52 Tuesdays
"There is no effort to sanitise characters' lives in order to get a message across, and as a result the film never feels preachy." | Photo: Visit Films

Sometimes knowing all the mechanics of the process and fully accepting the theory doesn't make life's big changes any easier to deal with. 52 Tuesdays charts the interactions of a family two of whose members meet only on Tuesdays over the course of a year. It was shot in the same way, each day's filming scripted just two weeks beforehand, so although the cast knew the basic storyline, no-one was quite sure what to expect. It's a film about changes and about people trying to stay together when the dynamics of their lives are pulling them apart.

Having borne a daughter and been a devoted parent for years, Jane (Del Herbert-Jane) is at the stage of no longer being able to cope with life in a female body. It's time for a change, for psychiatric assessments and Real Life Experience and testosterone and, eventually, surgery. But as Jane gradually changes to live as a man (now James), daughter Billie (Tilda Cobham-Hervey) is changing into a woman.

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The 52 Tuesdays of the title are the days James and Billie set aside to meet, to spend time that's just about them, after James asks Billie to move into her dad's place to give her some space. They are supposed to be a time when they can talk, but over time, what has always been a close relationship gradually weakens. Perhaps this would have happened anyway. James had been afraid of the discomfort that watching Billie mature physically could bring, but failed to account for the growth of a new personalty, another adult with a wholly new set of needs and desires. Billie, meanwhile, is completely cool with the idea of transition but hasn't accounted for the impact of her mother having big things to cope with and not always putting her first.

With her well intentioned yet inattentive dad paying only cursory attention to her comings and goings, Billie seeks out opportunities to explore and develop her own identity. Unsurprisingly, this includes her sexuality, yet bravely, although the people she experiments with are older, the film never paints her as a victim. She's confident, assertive; she hides her vulnerabilities well. What she doesn't understand is how to deal with the social consequences of her activities. Nevertheless, there's a hint that she might have found something that matters, something lasting and valuable; and that, ultimately, she and James might be able to reconcile as whole and honest adults.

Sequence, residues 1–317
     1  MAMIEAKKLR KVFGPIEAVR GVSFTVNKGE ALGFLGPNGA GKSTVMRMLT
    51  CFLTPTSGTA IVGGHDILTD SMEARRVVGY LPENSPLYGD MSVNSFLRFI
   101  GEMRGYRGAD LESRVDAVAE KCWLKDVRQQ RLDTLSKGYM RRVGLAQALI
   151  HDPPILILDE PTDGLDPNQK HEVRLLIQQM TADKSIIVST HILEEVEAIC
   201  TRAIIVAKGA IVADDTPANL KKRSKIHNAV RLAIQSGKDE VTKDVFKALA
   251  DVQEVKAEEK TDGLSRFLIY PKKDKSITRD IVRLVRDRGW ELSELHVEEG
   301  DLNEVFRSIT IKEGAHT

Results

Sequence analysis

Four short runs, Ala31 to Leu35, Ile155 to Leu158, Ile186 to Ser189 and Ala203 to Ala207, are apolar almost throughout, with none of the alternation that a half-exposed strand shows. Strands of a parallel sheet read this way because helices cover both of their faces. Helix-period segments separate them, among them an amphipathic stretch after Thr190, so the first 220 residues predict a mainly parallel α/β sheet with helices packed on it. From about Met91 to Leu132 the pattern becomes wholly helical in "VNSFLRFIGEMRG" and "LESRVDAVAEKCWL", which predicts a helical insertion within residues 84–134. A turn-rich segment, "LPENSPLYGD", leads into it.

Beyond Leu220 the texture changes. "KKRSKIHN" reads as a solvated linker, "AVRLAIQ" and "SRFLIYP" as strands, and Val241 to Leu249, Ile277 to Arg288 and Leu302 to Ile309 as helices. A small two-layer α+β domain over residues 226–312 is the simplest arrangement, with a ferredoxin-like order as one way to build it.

There are very few films out there about trans men (contributing to the misconception that they're rarer than trans women) and 52 Tuesdays handles this part of its subject matter with unusual grace. This is due in part to Del Herbert-Jane, a genderfree person (neither male nor female) who initially came on board as an advisor and who fits easily into the role of James. It's also due to willingness on writer Matthew Cormack's part to create a character who isn't only trans, something many otherwise well intentioned filmmakers overlook.

This approach extends to other areas of the film: there is no effort to sanitise characters' lives in order to get a message across, and as a result the film never feels preachy. These are complicated people with a lot going on in their lives. We are thrown into the middle, initially as lost as they are. The film derives much of its humour from the way they dance around each other, deftly misunderstanding what ought to be obvious, but viewers shouldn't assume they are always in on the joke. With strong performances all round from its cast of unknowns, this is a well balanced film and well worth a look.

Reviewed on: 26 Jan 2015
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Over the course of a year, a teenage girl adjusts to life as a woman while her mother adjusts to life as a man.
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Director: Sophie Hyde

Writer: Matthew Cormack, Matthew Cormack, Sophie Hyde

Starring: Tilda Cobham-Hervey, Del Bert, Beau Travis Williams, Imogen Archer, Mario Spate, Sam Althuizen, Danica Moors, Susan Hyde, Greg Marsh, Audrey Mason-Hyde, Susie Skinner

Year: 2013

Runtime: 109 minutes

Country: Australia

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